by Ellen White
CHRIST came to set men free. He said, "The Spirit of the Lord GOD is upon me;
because the LORD hath anointed me . . . to proclaim liberty to the captives, and the
opening of the prison to them that are bound." Isaiah 61:1. Perfect liberty is found
only in Christ. God's law is called the law of liberty. The Inspired Word calls that law a
hedge. It marks out the unchangeable principles of right between man and God, and between
man and man, which must be recognised, else liberty is impossible to intelligent beings.
All slavery, physical, moral, and intellectual, comes from breaking that law. Liberty is
found only in obedience to it. Still there is a sort of slavery in the futile attempt to
keep it in our own strength. But Christ, through the new covenant, writes that law in the
heart, so that we not only have power to keep it, but His will becomes ours, and with
Christ we delight to do His will, because His law is in our hearts. Here is perfect
liberty. The perfectly saved will be perfectly free. Throughout eternity they will do just
what they please, because they please to do just what makes liberty and joy possible.
Now, as to the relation of the state to the conscience of man, Christ found men
enslaved to kings and priests. He taught that all men are brothers, sons of one Father,
and therefore equal before the law--equal in civil rights. Rulers were, therefore, only
their servants, chosen under God to protect them in the enjoyment of their rights. He
freed us from the chains of priestcraft by teaching the absolute independence of the
individual soul in matters religious, and by promising the Spirit of truth to guide each
one into all truth.
It is true that all liberty comes through keeping God's law, but God Himself, who wrote
that law in the hearts of men in the beginning, who spoke it amid the thunders of Sinai,
that all might hear and obey, who waits through the new covenant to rewrite it in every
trusting soul--God Himself, who did all this, still made man as free to disobey these
precepts as to obey them. Why did God allow all this fearful iniquity that man might be
made free? To this there can be but one answer. It was because He knew the worthlessness
of all forced obedience, and that, therefore, the freedom to sin was absolutely necessary
to the possibility of righteousness.
After having made men free to sin, that the internal principle of love might work
itself out in outward acts of righteousness unhindered by force--after having made men
thus, has God given to any human authority the right to take away that freedom, and so to
thwart His plans? He has commanded all men to worship Him and obey His precepts, and this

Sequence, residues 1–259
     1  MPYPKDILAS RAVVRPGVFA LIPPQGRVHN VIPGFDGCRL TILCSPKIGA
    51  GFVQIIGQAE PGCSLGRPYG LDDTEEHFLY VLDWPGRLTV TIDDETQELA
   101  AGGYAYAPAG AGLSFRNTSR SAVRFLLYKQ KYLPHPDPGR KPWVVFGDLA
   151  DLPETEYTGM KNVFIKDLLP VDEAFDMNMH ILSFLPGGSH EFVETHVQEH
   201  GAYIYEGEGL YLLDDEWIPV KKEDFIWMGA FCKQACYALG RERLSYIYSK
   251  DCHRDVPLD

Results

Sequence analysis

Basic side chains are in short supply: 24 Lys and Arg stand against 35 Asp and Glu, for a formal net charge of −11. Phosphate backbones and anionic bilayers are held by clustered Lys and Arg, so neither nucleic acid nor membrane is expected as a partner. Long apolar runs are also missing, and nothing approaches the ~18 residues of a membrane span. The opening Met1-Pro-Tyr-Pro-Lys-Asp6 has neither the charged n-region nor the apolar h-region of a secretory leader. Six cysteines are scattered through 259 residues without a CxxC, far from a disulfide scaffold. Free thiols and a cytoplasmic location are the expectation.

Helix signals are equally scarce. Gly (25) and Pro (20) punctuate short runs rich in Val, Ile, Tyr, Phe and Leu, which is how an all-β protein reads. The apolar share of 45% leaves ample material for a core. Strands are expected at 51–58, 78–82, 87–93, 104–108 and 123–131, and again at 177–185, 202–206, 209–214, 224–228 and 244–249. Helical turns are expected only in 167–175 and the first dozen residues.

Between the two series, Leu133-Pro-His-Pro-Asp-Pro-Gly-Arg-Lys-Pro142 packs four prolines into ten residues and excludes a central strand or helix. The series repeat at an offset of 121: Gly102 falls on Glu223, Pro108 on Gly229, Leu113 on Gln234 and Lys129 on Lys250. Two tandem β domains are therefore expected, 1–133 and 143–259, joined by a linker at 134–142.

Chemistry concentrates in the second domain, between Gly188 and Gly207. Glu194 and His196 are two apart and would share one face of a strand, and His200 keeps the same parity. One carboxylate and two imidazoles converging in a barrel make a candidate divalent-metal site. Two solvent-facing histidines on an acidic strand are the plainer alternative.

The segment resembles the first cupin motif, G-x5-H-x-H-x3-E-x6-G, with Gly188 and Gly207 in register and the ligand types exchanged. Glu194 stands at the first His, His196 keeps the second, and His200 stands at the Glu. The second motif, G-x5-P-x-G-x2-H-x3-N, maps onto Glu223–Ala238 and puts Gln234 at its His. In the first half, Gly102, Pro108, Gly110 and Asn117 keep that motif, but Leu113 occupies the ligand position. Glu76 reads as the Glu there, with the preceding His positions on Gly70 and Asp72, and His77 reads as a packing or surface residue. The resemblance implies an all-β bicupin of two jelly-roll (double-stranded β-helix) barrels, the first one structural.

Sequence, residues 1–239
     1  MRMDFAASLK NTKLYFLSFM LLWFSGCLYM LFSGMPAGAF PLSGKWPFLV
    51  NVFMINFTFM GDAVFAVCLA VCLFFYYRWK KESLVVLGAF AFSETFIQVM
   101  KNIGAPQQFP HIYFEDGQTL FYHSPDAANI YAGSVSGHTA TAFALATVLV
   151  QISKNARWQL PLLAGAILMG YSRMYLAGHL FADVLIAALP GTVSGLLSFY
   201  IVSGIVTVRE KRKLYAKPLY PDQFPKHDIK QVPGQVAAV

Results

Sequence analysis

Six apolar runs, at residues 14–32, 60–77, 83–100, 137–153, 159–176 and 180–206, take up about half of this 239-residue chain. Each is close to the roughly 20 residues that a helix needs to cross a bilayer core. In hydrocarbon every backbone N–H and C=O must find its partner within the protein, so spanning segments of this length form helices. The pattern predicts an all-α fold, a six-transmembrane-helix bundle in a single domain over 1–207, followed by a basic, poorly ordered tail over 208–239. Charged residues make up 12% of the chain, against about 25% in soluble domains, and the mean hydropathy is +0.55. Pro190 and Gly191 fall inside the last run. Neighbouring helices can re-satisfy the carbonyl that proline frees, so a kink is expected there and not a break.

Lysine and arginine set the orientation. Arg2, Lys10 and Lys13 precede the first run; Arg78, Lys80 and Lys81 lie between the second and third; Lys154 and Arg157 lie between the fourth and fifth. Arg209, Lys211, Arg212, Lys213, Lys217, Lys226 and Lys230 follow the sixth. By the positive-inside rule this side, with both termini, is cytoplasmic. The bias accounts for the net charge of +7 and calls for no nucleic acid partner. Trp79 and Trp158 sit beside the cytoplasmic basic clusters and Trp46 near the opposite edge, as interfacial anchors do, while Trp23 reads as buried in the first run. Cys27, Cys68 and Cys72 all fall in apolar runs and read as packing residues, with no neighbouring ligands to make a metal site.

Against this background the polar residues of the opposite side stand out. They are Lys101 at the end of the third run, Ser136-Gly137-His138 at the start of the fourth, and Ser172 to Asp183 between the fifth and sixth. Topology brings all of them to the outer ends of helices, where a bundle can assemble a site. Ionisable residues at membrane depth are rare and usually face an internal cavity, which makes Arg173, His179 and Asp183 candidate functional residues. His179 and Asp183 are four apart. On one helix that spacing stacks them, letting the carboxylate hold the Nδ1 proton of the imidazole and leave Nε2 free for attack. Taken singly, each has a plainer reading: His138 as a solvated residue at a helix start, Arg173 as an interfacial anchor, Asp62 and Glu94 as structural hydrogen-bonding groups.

command applies to each individual personally; but has He ever commanded any man or set of
men to compel others to worship Him, or to act even outwardly as if they worshiped Him? To
ask these questions is to answer them emphatically in the negative.
The civil power is the power of arbitrary force to compel men who will not be
righteous, to at least be civil, that men may live together in peace and quietness. The
true power of the church is the power of divine love manifest in the flesh, to win men to
lead righteous lives. The two powers are entirely separate, and Jesus so taught when He
said, "Render to Caesar [the civil powers] the things that are Caesar's, and to God
the things that are God's." Mark 12:17.
When Peter, as a member of the Christian church, sought to defend the truth by the
sword, Jesus, pointing to His Father as the Church's only Source of power, said, "Put
up again thy sword into his place: for all they that take the sword [i.e., in religious
matters] shall perish with the sword." Matthew 26:52. The tares are to be allowed to
grow with the wheat until the harvest. Then God will send forth His angels to gather out
the tares to burn them. No human effort of arbitrary force can be used in rooting them
out, lest in the act the wheat shall be rooted also. See Matthew 13:24-30.
Again Jesus said, "My kingdom is not of this world: if my kingdom were of this
world, then would my servants fight." John 18:36. Every civil law has the power of
the sword back of it. If it is right to make law, then it is right to enforce it. In
denying the church the power of the sword, Jesus therefore forbade the church to ask the
state for laws enforcing beliefs and observances. Paul understood this when he said,
"The weapons of our warfare are not carnal, but mighty through God to the pulling
down of strong holds." 2 Corinthians 10:4.
The early church, strong only in the power of God, triumphed grandly, even over the
opposing forces of a false religion, upheld by the state. Only when she allied herself
with the state, seeking its aid, did she deny her God, lose her power, and darken the
world into a night of a thousand years. The present effort of the church to get the state
to enforce the observance of Sunday, and to introduce the teaching of Christianity into
state schools, is but a revival of the pagan and papal doctrine of force in religious
things, and as such it is antichristian.
The Watchman, May 1, 1906